Social activist preaching benefits of second-hand clothing at The Sound Temple

Jane Milburn with a selection of her upcycled clothing at The Sound Temple. Photo: David Baylis
Jane Milburn with a selection of her upcycled clothing at The Sound Temple. Photo: David Baylis

SOCIAL activist Jane Milburn would like ‘dedicated followers of fashion’ to break free from their shackles and become leaders of the slow clothing movement.

She said Australians buy an average of 27 kilograms of new textiles each year and discard 23 kilograms into landfill.

About seven years ago, the former agricultural scientist noticed shops overrun with cheap, synthetic clothing and affordable natural fibres in short supply.

“I observed the mountains of excess as clothes became cheaper,” she said.

Jane Milburn (centre) with Home Economics teachers Nikki Singleton (left) and Niari Purdy at the book launch on Sunday at Chisholm Catholic College. Photo: supplied

Several bargains later bought from op shops and fundraisers made her realise she had no need to buy new clothing.

“Two-thirds of new clothing is from manmade fibres such as polyesters derived from petroleum,” she said.

“They shed microplastic particles into the environment each time they’re washed and the synthetic fibres take decades to rot in landfill.

“In a finite world, we can’t keep pretending this doesn’t matter; we are accountable, through the everyday clothing decisions we make.”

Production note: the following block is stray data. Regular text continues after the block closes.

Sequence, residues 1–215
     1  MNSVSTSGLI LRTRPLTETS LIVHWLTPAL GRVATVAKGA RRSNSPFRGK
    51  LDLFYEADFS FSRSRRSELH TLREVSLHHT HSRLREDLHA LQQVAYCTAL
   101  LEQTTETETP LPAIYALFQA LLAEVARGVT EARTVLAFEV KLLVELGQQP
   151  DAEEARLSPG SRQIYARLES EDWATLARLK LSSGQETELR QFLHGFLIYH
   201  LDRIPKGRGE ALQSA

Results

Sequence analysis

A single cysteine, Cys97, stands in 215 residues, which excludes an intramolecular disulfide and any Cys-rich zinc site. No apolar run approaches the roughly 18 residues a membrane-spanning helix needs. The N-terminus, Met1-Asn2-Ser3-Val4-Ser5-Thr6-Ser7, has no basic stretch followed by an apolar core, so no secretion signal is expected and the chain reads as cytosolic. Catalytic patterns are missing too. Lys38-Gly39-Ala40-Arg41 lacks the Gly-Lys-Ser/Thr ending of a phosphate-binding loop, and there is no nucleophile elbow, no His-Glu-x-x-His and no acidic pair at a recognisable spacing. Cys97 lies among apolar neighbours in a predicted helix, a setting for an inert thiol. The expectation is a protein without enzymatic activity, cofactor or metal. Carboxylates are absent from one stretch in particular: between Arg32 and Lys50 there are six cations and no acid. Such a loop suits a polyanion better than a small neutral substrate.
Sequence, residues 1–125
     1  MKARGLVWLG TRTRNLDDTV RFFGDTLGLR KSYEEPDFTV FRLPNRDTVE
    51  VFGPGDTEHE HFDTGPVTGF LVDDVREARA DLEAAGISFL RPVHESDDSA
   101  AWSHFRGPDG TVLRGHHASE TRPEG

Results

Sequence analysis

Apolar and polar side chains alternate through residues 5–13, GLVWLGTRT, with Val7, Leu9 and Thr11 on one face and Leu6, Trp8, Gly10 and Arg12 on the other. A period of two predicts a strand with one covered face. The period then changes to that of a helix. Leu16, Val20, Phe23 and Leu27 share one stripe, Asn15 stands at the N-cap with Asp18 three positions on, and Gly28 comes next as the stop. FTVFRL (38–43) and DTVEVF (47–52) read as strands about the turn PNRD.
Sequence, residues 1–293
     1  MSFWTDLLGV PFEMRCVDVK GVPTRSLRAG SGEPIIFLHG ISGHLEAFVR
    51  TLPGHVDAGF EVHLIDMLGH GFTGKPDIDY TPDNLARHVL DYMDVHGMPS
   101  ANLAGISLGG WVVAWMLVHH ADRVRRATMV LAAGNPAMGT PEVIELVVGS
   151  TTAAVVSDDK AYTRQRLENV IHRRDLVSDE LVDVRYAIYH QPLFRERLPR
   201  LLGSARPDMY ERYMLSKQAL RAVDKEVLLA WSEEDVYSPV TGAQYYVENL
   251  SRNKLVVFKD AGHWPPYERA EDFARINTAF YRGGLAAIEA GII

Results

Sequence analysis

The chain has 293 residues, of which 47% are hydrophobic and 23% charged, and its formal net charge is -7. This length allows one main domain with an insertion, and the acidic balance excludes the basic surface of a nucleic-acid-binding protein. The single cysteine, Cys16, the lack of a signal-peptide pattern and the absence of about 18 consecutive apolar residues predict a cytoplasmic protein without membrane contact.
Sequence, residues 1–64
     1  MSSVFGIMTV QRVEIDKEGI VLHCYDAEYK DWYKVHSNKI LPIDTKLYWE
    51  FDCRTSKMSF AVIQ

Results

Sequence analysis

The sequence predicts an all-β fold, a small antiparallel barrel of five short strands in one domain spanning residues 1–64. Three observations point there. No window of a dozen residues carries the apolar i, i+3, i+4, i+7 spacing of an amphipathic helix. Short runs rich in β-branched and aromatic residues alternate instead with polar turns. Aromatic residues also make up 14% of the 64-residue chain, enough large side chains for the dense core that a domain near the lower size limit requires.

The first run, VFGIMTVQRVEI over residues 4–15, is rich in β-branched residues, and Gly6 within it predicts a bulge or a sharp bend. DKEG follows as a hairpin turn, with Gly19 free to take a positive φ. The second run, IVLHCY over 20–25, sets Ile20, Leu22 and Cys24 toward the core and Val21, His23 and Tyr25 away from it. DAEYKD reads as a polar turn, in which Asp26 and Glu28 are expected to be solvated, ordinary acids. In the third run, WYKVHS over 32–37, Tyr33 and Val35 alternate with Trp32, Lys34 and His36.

The self-taught clothing revivalist is hosting talks and workshops on upcycling clothing at The Sound Temple until May 31, as part of a wider exhibition on creative sustainability and handcrafted wisdoms.

Alternatively, find out more about ethical clothing in her new book, Slow Clothing – Finding Meaning in What We Wear, launched in WA on Sunday. What: Common Threads – Woven through Community

When: May 29-June 5

Where: The Sound Temple, Sawyers Valley

Jane’s Slow Clothing Manifesto:

10 ways to dress smartly in a modern material world

THINK: Make thoughtful, ethical, informed choices

NATURAL: Treasure fibres from nature and limit synthetics

QUALITY: Buy well once, quality remains after price is forgotten

LOCAL: Support local makers, those with good stories and fair trade

CARE: Mend, patch, sort, sponge, wash less, use cold water, line dry

FEW: Live with less, capsule wardrobe, have one best style, unfollow

MAKE: Embrace home sewing as a life skill, value DIY and handmade

ADAPT: Refashion, eco-dye, create new from old to suit yourself

REVIVE: Enjoy vintage, exchange, op-shop and swap

SALVAGE: Donate, pass on, rag weave, recycle or compost

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